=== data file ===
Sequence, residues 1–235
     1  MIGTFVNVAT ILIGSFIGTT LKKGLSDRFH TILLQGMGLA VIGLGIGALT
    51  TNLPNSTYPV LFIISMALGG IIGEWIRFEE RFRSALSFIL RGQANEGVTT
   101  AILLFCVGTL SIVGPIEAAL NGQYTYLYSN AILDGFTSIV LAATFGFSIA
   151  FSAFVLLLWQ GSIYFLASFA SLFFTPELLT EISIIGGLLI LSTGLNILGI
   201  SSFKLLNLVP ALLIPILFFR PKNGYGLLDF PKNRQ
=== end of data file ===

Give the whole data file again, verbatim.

Sequence, residues 1–235
     1  MIGTFVNVAT ILIGSFIGTT LKKGLSDRFH TILLQGMGLA VIGLGIGALT
    51  TNLPNSTYPV LFIISMALGG IIGEWIRFEE RFRSALSFIL RGQANEGVTT
   101  AILLFCVGTL SIVGPIEAAL NGQYTYLYSN AILDGFTSIV LAATFGFSIA
   151  FSAFVLLLWQ GSIYFLASFA SLFFTPELLT EISIIGGLLI LSTGLNILGI
   201  SSFKLLNLVP ALLIPILFFR PKNGYGLLDF PKNRQ